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Spring and Summer Fitness

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Q: I signed up for a coach-to-5K program now that there’s more daylight and I need to undo the weight I gained over the winter. I was instructed to buy a pair of running shoes, and when I went to buy them I was completely overwhelmed! How do I decide what’s best for me?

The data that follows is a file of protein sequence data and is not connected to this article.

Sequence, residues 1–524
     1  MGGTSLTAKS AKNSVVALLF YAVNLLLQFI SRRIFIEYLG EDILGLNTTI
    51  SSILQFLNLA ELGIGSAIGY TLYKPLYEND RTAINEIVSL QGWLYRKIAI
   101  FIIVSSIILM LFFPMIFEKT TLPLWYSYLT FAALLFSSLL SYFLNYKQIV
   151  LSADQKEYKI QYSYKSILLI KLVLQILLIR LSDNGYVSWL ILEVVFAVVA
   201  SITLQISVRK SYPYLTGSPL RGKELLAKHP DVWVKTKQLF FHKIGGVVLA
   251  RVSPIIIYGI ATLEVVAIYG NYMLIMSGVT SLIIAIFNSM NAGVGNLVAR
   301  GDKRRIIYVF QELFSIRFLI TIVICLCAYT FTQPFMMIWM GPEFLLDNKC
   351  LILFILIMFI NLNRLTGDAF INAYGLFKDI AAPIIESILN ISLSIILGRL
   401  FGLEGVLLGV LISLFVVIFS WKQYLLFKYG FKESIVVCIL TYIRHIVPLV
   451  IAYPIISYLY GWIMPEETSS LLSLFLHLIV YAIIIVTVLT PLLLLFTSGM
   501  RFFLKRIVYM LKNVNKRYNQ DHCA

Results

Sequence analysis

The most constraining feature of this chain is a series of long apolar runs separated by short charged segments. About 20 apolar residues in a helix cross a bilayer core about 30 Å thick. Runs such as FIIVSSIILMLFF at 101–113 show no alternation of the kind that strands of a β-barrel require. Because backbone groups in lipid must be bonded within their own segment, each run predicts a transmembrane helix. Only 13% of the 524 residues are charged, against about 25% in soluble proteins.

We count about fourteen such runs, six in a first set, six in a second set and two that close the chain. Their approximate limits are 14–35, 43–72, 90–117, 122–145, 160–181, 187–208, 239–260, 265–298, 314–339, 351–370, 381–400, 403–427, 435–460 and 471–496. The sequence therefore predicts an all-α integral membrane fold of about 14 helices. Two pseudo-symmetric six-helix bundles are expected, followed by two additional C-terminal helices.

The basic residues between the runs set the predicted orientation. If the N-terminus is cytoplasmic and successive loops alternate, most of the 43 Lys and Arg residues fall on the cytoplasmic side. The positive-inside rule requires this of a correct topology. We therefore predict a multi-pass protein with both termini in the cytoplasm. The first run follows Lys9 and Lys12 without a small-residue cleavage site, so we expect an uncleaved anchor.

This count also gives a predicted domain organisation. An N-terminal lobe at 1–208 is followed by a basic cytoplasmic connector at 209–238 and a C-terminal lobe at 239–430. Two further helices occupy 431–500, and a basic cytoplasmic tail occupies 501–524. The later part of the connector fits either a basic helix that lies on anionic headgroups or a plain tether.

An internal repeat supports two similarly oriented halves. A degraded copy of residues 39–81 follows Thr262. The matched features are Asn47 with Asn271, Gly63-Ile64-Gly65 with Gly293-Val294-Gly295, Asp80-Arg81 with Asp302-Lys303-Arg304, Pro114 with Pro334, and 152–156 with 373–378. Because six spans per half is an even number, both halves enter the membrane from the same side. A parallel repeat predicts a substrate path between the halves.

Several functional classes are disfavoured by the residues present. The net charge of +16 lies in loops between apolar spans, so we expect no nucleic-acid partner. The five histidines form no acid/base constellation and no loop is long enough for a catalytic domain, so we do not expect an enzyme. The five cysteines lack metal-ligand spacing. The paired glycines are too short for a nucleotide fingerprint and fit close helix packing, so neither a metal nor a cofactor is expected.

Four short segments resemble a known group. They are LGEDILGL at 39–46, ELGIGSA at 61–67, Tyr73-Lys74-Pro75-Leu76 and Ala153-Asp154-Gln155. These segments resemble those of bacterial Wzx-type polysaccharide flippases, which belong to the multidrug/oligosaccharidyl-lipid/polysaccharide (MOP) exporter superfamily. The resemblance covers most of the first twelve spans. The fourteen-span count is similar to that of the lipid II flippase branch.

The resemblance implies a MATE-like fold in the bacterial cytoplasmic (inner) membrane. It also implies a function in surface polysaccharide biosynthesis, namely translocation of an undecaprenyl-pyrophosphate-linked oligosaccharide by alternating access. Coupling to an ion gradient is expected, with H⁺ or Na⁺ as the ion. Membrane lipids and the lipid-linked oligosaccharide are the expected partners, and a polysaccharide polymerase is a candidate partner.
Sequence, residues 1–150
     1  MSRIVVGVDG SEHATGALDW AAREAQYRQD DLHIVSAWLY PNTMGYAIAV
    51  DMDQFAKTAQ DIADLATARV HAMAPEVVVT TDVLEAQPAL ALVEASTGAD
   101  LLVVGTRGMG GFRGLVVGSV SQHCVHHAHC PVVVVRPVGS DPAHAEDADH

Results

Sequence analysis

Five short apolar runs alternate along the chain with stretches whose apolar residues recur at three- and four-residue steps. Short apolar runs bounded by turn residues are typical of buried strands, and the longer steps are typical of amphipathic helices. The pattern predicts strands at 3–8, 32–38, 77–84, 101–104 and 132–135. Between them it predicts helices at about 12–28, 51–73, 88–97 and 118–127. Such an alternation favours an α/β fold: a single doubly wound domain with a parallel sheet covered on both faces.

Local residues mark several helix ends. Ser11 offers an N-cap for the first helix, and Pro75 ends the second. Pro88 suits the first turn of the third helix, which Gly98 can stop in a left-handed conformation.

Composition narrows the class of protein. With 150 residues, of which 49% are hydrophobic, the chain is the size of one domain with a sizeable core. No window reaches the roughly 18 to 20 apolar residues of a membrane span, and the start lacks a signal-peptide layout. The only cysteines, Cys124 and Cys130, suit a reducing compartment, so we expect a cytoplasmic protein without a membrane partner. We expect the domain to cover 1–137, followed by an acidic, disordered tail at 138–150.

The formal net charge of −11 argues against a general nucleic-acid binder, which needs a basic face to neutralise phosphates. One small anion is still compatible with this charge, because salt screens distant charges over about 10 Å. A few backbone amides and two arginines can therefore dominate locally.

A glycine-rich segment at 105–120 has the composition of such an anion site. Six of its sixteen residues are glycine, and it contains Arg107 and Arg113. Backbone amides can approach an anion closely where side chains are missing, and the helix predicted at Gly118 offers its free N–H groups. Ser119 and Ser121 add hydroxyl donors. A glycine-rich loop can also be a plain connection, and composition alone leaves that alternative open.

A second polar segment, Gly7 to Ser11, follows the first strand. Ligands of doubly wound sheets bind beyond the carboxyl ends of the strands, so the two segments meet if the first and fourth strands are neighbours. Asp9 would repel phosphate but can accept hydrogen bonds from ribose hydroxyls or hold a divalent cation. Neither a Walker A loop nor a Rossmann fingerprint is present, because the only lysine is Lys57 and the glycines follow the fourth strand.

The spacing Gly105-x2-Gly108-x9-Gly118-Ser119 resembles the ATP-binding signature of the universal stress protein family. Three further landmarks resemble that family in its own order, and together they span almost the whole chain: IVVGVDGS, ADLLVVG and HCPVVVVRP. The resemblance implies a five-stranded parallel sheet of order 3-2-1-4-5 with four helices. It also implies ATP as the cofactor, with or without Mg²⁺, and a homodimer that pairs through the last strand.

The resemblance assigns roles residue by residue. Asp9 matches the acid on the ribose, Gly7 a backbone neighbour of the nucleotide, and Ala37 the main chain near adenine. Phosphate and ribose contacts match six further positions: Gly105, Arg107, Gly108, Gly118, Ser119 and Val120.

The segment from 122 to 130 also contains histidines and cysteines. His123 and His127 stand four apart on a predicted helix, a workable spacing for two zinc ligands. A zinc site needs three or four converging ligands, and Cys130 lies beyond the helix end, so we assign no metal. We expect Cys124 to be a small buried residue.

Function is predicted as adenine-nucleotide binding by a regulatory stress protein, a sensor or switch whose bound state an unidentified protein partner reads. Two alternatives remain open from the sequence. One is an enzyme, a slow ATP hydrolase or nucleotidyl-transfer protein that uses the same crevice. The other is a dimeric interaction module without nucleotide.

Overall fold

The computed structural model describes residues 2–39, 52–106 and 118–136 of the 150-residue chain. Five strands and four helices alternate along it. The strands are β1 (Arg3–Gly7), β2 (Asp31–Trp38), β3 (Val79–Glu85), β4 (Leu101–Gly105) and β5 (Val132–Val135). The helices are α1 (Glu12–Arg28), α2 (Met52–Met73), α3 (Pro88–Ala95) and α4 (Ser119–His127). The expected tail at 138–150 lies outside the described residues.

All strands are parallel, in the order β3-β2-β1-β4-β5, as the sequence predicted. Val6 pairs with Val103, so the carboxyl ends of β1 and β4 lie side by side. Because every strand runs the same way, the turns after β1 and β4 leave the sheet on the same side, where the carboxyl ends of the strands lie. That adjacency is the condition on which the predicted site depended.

A: Great question! I agree; there are many choices and something as simple as buying footwear can be stressful! Many of my clients use three criteria for deciding: price point, aesthetics and comfort. While these are all factors to take into consideration, the number one deciding factor needs to be the design of the interior, the part that supports your foot, known as the “last” in shoe terminology. To decide which is right for your foot, consider these factors: heel drop; cushioning; weight of the sneaker which is important to the muscles of your lower leg; and most importantly for most women, support of the arch. Before going to purchase, you need to know whether you have a high, rigid arch, a neutral arch or a functionally falling arch (the arch flattens upon foot stride). You can evaluate this by wetting the bottom of your feet and taking a few jogging strides on a floor surface that will show your footprint. If you see a whole foot, you have a functionally falling (pronation) arch. If it has a cutout where the arch is, you have either a neutral or high arch. You can determine if it is a high arch by having someone watch you walk barefoot. If your arch doesn’t fall even a little when stepping, you have a high versus neutral arch. Pronating arches need a motion-control sneaker. Neutral arches need a neutral/stability sneaker and high arches need a cushioned sneaker. The chart illustrates my point.